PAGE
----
The intermediate disk 19 is provided with three separate cut-outs, each spaced radially outward from the central pin member 17 at differnt distances and at different angular positions. The first cut-out 33 corresponds to the flap setting 30 and aligns with the inner portion of the opening 25 in the upper disk 15 when the flap setting marker 21 is set at 30. The second cut-out 35 corresponds to the flap setting 40 and aligns with the center portion of the opening 25 in the upper disk 15 when the flap setting marker is set at 40. The third cut-out 37 corresponds to the flap setting 50 and aligns with the outer portion of the opening 25 in the upper disk 15 when the flap setting is set at 50. A series of radial lines 39 are drawn on the disk 19 between the second and third cut-outs 35 and 37 and the inner edge of the opening 25 which is provided with pattern, approach and threshold markings 41 so that the eye can easily follow along and obtain the proper reading. The cut-outs 33, 35 and 37 are trapezoidal shaped and are configurated such that the total area of the three cut-outs 33, 35 and 37 is substantially equal to the total area of the trapezoidal shaped opening 25 in disk 15. A 90° angular section of the disk 19 is cut away so that the gross weight markings 31 on the disk 29 are visible through the opening 27 in the disk 15. The pattern, approach and threshold speeds 43 marked on the lower disk 29 are visible through one of the cut-outs 33, 35 or 37 in the disk 19 and the opening 25 in the disk 15.
In operation, to determine the proper pattern, approach and threshold speeds for a given aircraft such as, for example, a KC-135, at a given gross weight and flap setting, the flap setting marker 21 on the intermediate disk 19 is set in alignment with a flap setting member 23 on the upper disk 15. In the example shown in FIG. 1, the flap setting is 50. The lower disk 29 is then rotated until the proper gross weight figure 31 appears in the opening 27 in the disk 15. In the example of FIG. 1, the gross weight of the aircraft is 130. The proper pattern, approach and threshold speeds 43 then will become visible when the cut-out 37 in the intermediate disk 19 aligns with the four-sided trapezoidal shaped opening 25 in the upper disk 15. By following along the lines 39 from the markings 41, the pattern, approach and threshold speeds of 143, 133, 125 and 123 can be read off the calculator.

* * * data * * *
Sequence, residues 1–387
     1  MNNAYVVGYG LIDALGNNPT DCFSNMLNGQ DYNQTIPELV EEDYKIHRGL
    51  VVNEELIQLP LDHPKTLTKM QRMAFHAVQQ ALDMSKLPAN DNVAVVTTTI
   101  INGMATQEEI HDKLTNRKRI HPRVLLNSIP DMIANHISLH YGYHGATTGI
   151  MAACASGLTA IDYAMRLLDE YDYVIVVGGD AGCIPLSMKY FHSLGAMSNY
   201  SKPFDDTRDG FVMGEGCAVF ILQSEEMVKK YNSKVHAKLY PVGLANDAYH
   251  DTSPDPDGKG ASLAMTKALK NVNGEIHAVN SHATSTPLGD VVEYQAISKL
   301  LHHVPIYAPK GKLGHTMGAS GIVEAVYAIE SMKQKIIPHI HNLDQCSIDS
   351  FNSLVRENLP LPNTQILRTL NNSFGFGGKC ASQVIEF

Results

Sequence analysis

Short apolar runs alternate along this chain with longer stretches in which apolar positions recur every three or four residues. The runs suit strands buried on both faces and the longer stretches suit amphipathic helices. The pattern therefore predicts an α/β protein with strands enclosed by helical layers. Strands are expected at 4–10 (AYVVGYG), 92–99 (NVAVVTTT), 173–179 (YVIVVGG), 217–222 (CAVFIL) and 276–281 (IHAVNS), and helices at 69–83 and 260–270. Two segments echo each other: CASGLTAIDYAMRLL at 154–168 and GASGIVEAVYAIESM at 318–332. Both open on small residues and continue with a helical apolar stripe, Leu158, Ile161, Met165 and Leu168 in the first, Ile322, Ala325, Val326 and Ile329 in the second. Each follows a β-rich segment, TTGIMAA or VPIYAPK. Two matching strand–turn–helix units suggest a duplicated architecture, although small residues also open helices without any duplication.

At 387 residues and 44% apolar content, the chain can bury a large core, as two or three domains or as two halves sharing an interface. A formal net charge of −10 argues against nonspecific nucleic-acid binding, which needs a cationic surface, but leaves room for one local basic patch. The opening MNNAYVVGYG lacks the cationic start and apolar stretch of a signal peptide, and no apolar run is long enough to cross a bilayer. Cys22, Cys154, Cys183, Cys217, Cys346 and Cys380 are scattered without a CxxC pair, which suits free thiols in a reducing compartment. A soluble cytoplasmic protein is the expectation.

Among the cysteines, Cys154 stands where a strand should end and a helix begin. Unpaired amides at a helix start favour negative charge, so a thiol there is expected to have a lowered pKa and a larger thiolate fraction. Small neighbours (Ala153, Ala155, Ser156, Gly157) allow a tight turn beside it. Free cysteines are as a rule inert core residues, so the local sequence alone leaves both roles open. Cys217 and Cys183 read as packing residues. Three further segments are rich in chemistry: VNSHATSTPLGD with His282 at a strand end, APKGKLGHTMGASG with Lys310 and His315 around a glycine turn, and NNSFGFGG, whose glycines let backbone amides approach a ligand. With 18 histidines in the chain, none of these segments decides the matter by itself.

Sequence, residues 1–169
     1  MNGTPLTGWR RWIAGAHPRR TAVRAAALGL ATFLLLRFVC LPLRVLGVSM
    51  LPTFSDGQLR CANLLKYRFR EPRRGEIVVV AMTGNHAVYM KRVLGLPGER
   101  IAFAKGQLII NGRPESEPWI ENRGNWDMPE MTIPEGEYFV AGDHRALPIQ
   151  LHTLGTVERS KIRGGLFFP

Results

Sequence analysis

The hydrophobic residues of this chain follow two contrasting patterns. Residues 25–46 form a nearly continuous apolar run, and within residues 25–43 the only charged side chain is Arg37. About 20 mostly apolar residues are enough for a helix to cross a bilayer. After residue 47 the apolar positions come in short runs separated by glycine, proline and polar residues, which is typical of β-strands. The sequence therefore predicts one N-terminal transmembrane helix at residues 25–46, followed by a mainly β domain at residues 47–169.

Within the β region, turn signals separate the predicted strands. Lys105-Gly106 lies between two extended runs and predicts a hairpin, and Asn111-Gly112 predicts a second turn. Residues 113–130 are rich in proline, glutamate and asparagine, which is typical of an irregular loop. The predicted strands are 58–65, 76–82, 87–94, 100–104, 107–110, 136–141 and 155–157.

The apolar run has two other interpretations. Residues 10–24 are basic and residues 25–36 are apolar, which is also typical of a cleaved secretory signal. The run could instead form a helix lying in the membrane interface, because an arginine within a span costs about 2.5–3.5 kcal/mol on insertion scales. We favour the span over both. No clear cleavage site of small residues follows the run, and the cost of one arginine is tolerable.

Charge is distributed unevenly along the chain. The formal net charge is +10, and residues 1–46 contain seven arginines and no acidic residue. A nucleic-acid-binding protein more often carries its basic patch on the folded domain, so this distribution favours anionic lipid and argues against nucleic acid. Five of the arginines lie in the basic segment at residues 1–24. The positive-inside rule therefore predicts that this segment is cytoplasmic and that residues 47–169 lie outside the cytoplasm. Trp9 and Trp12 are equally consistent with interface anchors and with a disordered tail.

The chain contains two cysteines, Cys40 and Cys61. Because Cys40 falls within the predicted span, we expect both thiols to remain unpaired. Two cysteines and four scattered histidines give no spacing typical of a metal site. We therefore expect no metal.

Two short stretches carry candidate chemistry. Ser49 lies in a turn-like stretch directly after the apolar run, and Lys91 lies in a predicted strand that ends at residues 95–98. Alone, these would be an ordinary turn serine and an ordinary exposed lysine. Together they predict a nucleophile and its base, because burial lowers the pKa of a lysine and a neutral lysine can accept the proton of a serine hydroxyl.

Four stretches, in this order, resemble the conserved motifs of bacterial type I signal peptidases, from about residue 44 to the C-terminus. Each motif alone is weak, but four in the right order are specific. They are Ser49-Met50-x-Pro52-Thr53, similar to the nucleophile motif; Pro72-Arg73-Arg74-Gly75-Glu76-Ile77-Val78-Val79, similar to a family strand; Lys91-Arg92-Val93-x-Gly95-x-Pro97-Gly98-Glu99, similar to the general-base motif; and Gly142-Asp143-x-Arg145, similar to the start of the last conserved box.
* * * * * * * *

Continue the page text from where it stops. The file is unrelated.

Thus, it can be seen that the hereinbefore described calculator can be used by aircraft crewmembers to compute speeds during transition and pattern work and, since the amount of time needed to determine the appropriate speeds is decreased, more time is allowed for clearing for other aircraft. Also, while the present calculator is shown for use with the KC-135 aircraft, it is suitable for use with most all aircraft both smaller and larger than the KC-135. The invention is independent of the particular aircraft employed since it is directed to the placing of various indicia and various shaped openings in specific positions on the disks so that the required data can be easily determined and displayed.
Although the invention has been illustrated in the foregoing specification in terms of a preferred embodiment thereof, the invention is not limited to this embodiment or to the particular configuration shown and described. It will be apparent to those skilled in the art that certain changes, modifications and substitutions can be made with respect to the configuration of the elements without departing from the true spirit and scope of the appended claims. It can be seen that the invention can be used to quickly determine the speed during transition, and thereby reduce the potential of a mid-air collison during this critical phase of flight.